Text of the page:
In Australia, which saw about 70% of the commercial aviation workforce stood down during Covid, the market is returning fast, even above pre-pandemic levels on domestic routes, says James Goodwin, chief executive of the Australian Airports Association.

“Broadly the workforce shortage has eased in Australia, but there are other challenges,” says Goodwin. “We are in a constant phase of always recruiting, there is wage inflation and absentee rates, normally 5-8%, are running up to 20%.”

There is no simple answer as to why absentee rates are up, but the type of work, often outside and involving shifts, is part of the picture.

For Goodwin, it is essential that the vital role of frontline workers at airports is something that must be recognised. “There are no unskilled workers at an airport,” he notes.

“You would not imagine that there could be such an abrupt recovery without an impact on the system,” says Fabio Gamba, director general of Airport Services Association (ASA), the trade body for the ground services industry. “What the events of 2022 underlined was the critical role the ground services companies play, and how reliant we are on manpower for the system to work,” he notes.

And during the pandemic, as traffic collapsed, ground service providers, where staff are the principal cost, let people go in droves. “Government salary payment schemes helped to retain staff, but many left the industry, and most have not returned,” says Gamba.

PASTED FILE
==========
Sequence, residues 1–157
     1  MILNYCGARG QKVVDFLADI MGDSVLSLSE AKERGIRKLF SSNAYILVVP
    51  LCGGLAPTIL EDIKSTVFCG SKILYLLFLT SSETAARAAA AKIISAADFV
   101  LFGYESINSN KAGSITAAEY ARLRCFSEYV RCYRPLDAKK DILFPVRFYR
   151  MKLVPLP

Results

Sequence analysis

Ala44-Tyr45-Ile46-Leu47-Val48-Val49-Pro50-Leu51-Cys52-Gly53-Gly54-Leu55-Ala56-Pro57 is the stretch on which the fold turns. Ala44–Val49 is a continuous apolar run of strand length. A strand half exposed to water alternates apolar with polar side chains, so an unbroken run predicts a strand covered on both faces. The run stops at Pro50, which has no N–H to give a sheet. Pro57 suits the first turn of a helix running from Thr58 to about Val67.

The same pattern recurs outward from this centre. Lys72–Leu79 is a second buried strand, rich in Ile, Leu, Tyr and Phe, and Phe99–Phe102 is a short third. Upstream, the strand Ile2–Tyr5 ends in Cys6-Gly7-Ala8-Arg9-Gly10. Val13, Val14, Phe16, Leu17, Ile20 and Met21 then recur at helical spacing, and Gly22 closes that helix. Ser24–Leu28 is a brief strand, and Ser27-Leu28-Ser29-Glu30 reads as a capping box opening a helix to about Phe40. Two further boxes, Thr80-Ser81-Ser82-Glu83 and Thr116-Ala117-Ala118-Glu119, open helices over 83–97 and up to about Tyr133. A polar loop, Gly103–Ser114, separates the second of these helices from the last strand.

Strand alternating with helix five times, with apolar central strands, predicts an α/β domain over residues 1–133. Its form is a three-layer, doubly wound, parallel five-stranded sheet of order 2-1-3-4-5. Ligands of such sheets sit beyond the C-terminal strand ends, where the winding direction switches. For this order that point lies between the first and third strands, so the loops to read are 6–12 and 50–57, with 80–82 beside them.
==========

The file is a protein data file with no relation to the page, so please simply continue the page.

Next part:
Ground handlers bemoan the fact that despite their lobbying efforts they received, unlike airlines, no state bailouts during the pandemic. This meant they often cut deep, making a swift recovery virtually impossible.


Looking back at 2022 is instructive, but in Abu Dhabi the debate centred on whether the problems have been solved or whether there are more fundamental issues to overcome as the traffic recovery strengthens.

The main issue for all parts of the services ecosystem is the pressure to recruit in an inflationary market where aviation is no longer the attractive career it once was. “Everybody is now accepting it is a fight for employees,” says Axel Feil, vice-president of sales and marketing at Munich airport’s handler AeroGround.